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Major manufacturers and retailers have launched two types of collaboration initiatives in the past year. First, they have collaborated with trading partners to im­prove supply chain efficiency, using a process called Collaborative Planning, Forecasting and Replenish­ment (CPFR®). (Collaborative Planning, Forecasting and Replenishment and CPFR are registered trade­marks of the Voluntary Interindustry Commerce Stan­dards [VICS] Association.) Second, they have joined with competitors to form business-to-business (B2B) trading exchanges that increase procurement econo­mies of scale. Now market forces are bringing trading partner and competitor collaboration activities to­gether, as trading exchanges transform into collabora­tive trading communities. Collaboration is becoming a dominant means of doing business, which has a pro­found impact on customers, suppliers, and the infor­mation technology that supports trading relationships. This article examines trading exchanges and CPFR, and describes how they are being integrated in collabo­rative trading communities.


B2B trading exchanges began as independent start-up companies, backed by venture capitalists or application software firms. Leveraging the increasing maturity of the Internet, these firms offer online vendor product catalogs, industry news, discussion, and auctions of ex­cess inventory and commodities. The early success and staggering market capitalization of companies such as VerticalNet, Chemdex (now Ventro), Commerce One, and Ariba got the attention of established companies in the automotive, retail, CPG, and other industries.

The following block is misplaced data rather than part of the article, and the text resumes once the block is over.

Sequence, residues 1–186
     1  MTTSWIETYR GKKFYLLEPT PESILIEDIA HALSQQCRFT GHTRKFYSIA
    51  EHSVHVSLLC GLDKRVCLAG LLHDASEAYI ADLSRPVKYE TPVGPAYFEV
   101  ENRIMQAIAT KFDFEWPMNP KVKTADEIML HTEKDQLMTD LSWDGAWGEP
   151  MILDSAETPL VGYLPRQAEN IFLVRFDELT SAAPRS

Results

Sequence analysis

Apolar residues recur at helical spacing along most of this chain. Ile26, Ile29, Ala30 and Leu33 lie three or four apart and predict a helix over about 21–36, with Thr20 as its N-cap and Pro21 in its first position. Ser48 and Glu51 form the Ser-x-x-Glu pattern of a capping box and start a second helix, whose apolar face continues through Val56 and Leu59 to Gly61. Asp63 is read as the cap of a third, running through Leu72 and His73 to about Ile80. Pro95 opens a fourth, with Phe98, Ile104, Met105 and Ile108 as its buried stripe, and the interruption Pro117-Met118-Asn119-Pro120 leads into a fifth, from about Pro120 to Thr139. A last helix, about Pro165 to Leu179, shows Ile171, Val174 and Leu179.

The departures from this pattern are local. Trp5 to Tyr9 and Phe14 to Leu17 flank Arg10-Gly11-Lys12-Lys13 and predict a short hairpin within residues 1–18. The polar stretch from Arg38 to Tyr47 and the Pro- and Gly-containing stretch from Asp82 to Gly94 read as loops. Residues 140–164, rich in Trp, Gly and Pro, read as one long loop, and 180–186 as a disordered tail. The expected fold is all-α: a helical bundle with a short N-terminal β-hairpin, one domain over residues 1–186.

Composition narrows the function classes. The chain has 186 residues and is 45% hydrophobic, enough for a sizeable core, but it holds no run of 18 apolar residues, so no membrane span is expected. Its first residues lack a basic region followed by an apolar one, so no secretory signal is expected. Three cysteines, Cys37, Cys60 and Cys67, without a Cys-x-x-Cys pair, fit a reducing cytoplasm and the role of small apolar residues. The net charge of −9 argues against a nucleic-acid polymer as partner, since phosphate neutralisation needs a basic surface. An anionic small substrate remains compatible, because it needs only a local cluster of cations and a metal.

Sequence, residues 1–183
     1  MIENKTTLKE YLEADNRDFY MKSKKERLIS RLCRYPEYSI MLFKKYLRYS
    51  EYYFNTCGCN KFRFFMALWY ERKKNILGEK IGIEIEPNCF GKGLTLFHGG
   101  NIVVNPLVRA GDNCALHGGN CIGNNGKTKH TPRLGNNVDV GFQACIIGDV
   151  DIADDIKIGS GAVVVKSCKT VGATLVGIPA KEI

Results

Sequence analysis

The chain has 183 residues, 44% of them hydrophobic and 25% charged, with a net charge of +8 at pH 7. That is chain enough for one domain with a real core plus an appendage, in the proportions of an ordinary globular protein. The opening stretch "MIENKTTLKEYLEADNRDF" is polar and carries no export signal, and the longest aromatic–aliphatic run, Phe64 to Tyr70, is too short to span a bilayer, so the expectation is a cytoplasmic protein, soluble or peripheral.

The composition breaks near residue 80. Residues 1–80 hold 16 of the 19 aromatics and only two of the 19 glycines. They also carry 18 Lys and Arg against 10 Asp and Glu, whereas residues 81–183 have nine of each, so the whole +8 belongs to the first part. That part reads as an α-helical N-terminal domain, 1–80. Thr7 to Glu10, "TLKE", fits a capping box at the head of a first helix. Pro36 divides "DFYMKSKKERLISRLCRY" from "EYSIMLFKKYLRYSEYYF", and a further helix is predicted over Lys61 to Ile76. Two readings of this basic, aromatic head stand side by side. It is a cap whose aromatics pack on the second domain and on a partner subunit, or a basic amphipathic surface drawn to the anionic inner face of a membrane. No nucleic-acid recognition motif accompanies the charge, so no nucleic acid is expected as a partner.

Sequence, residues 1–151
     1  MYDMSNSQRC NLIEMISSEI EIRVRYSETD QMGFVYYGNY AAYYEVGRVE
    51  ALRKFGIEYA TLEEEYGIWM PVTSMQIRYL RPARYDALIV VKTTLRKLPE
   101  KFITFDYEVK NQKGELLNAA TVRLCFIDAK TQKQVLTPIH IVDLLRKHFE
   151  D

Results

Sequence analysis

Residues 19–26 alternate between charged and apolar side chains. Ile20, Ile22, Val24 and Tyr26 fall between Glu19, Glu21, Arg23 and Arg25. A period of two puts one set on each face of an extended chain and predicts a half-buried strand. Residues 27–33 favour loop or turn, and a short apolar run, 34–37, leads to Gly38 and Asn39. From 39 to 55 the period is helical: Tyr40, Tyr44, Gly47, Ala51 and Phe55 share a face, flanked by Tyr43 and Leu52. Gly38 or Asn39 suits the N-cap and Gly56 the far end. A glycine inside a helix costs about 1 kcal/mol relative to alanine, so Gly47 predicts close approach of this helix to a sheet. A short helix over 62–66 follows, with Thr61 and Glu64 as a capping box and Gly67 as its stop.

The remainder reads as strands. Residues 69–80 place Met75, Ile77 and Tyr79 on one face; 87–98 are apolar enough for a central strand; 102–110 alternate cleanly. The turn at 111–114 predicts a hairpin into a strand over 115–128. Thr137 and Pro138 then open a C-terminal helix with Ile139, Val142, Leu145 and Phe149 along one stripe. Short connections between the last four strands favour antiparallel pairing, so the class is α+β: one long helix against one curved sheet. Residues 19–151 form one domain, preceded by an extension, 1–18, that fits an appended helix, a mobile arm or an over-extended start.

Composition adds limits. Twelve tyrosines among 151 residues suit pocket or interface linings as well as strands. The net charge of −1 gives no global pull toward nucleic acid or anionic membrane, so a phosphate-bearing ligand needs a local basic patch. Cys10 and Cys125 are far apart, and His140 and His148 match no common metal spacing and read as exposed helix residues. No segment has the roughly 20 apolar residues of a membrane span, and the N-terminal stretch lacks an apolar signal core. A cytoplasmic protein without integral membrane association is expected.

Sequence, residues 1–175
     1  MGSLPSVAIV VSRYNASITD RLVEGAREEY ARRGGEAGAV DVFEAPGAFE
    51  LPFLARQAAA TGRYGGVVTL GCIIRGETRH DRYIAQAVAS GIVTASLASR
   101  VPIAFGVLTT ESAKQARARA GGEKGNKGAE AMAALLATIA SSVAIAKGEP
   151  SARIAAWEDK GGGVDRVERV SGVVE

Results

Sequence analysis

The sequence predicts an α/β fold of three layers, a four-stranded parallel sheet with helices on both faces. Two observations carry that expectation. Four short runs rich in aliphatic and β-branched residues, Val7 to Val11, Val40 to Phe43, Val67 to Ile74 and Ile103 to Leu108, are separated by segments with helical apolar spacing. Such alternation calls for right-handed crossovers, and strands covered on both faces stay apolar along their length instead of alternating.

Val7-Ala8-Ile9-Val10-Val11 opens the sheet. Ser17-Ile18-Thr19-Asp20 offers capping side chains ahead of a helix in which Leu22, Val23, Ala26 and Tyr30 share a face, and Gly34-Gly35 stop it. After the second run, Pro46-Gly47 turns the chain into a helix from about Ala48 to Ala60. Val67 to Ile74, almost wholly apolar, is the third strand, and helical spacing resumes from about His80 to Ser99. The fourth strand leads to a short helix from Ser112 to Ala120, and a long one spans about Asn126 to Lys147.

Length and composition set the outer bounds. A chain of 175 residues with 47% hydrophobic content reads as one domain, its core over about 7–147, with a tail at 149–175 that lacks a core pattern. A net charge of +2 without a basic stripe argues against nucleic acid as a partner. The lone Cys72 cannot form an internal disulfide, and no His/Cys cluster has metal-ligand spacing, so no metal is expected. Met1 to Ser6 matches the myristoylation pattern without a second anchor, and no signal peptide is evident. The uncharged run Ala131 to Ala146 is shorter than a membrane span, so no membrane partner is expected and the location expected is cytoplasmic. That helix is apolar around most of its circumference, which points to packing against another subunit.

Starting with the big three automotive firms, major players in several industries decided to form their own B2B trading ex­change joint ventures. Now there are several "competitor" exchanges, including the Global Net Exchange (Sears, Carrefour, Sainsbury, and others), the Worldwide Retail Exchange (Kmart, Target, Walgreens, Tesco, Auchan, Casino, and others), and the Grocery Manufacturers' Association's eCPG (P&G, Unilever, Kraft Foods, and almost SO other food manufacturers).

Competitor exchanges have the advantage of lever­aging the high volume of business transactions needed to support their core businesses. Rather than having to attract customers to their network, they simply reroute their own transactions, creating instant "liquidity" and pricing power.

Currently, trading exchanges focus on spot purchases of indirect materials and commodities. They do not typi­cally handle delivery, and may not even handle the ac­tual purchasing transaction.

Figure 1 illustrates the lifecycle and channel dimen­sions of a B2B trading exchange, highlighting the areas exploited to date. For spot-purchased commodities or MRO products, a B2B trading exchange identifies quali­fied vendors, products, and terms of sale. It aggregates the needs of many buyers into a buying pool, resulting in larger purchasing transactions. It sets up an auction (or reverse auction) to arrive at a winning bid, or sources supply from multiple vendors.

To Be Continued

For balance of this article, click on the below link:

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